Big tech accused of avoiding $ 2.8 billion in taxes for poorest countries | Company


Big U.S. tech companies are exploiting loopholes in global tax rules to avoid paying up to $ 2.8 billion (£ 2.1 billion) in taxes a year in developing countries, according to a study by the Anti-poverty charity ActionAid International.Facebook, Google and Microsoft have been accused of failing to pay a fair amount of taxes in poor countries where governments struggle to provide even basic health care or education to their citizens.

ActionAid International said its research showed that the revenue lost due to the “tax gap” could have been used to pay more than 700,000 new teachers or 850,000 primary teachers.

There is no evidence that tech companies are breaking the rules or actively evading tax. ActionAid said potential taxes are being lost due to the inability of world leaders to implement global tax standards that would force multinational companies to pay more tax in the countries where they generate their income.

“Little is known about the amount of taxes these companies currently pay in developing countries, as they are still not required to publicly disclose this information,” ActionAid said. “This research shows, however, that billions could be at stake in the long-awaited reform of international business taxation – enough to transform underfunded health and education systems in some of the world’s poorest countries. . ”

David Archer, ActionAid International spokesperson on global taxation, said: “Women and young people are paying the price for an outdated system that has enabled big tech companies, including giants like Facebook, [Google parent] Alphabet and Microsoft, to accumulate huge profits during the pandemic, while contributing little or no to public services in the countries of the south of the globe.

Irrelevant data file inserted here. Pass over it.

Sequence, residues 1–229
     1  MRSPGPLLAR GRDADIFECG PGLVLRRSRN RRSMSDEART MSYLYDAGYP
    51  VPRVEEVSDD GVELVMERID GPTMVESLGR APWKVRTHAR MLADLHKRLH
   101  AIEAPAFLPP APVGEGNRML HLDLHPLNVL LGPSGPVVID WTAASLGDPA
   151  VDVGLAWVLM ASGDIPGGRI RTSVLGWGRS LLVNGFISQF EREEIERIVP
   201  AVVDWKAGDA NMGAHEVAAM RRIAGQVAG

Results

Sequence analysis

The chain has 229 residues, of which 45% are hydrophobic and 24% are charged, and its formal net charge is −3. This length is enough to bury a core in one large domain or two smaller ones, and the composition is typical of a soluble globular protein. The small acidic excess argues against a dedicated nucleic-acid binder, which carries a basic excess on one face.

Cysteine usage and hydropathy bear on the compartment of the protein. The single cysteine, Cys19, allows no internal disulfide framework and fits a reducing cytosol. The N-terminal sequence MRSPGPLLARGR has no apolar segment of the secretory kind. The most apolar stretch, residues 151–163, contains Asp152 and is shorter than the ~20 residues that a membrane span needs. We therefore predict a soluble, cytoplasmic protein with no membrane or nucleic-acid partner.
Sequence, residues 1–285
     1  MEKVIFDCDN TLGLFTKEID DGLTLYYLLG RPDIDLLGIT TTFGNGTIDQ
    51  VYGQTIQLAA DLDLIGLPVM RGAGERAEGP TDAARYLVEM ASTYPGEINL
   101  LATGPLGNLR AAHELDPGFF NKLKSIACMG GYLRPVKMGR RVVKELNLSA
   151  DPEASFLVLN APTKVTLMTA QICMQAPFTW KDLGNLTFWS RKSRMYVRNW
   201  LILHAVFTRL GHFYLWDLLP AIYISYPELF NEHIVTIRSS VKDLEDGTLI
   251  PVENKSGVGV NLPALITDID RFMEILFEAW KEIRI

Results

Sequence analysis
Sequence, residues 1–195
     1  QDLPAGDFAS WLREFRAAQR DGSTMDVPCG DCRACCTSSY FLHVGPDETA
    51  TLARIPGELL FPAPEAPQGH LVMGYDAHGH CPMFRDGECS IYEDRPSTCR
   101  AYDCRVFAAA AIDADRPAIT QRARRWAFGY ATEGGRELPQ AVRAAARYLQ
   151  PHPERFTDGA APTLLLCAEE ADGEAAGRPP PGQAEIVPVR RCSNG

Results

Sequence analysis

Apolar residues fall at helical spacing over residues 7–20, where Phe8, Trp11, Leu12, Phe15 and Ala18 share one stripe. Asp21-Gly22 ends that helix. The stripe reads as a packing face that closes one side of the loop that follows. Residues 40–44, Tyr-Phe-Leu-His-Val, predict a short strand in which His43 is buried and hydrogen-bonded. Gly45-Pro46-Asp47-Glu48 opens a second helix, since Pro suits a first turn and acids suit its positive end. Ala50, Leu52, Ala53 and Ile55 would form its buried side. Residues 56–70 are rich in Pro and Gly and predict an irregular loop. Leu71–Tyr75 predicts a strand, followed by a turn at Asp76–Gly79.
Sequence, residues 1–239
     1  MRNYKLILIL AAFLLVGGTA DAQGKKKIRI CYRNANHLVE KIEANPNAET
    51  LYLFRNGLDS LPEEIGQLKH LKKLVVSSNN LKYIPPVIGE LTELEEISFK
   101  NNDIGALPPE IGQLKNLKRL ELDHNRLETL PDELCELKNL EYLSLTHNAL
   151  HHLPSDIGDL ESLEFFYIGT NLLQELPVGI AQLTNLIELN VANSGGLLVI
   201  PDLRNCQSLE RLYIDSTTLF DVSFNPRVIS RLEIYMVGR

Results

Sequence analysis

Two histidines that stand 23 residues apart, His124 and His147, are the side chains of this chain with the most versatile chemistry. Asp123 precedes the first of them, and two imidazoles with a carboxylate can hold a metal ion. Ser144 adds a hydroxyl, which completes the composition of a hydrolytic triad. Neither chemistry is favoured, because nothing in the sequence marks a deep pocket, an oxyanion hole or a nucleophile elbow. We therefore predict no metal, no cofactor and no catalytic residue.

“The $ 2.8 billion tax gap is just the tip of the iceberg – this research only covers three tech giants. But on its own, the money that Facebook, Alphabet and Microsoft would pay under fairer tax rules could transform public services for millions of people. “

Sign up for the daily Business Today email or follow Guardian Business on Twitter at @BusinessDesk

India, Indonesia, Brazil, Nigeria and Bangladesh are the countries with the highest tax differentials for these three companies. The World Health Organization estimates that the 20 countries studied by ActionAid must employ at least 1,790,000 more nurses by 2030 to reach their goal of 40 nurses per 10,000 people. These shortages could be fully covered in just three years if global tax rules allowed for fair taxation of these three big tech companies and if revenues were allocated for this purpose.

Tech companies did not respond to requests for comment.


Please enter your comment!
Please enter your name here